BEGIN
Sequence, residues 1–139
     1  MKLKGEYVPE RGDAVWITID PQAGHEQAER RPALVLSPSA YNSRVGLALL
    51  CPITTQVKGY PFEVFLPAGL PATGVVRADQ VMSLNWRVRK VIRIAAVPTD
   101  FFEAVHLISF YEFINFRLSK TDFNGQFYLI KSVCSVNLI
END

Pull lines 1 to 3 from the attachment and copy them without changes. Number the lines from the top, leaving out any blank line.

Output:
Sequence, residues 1–139
     1  MKLKGEYVPE RGDAVWITID PQAGHEQAER RPALVLSPSA YNSRVGLALL
    51  CPITTQVKGY PFEVFLPAGL PATGVVRADQ VMSLNWRVRK VIRIAAVPTD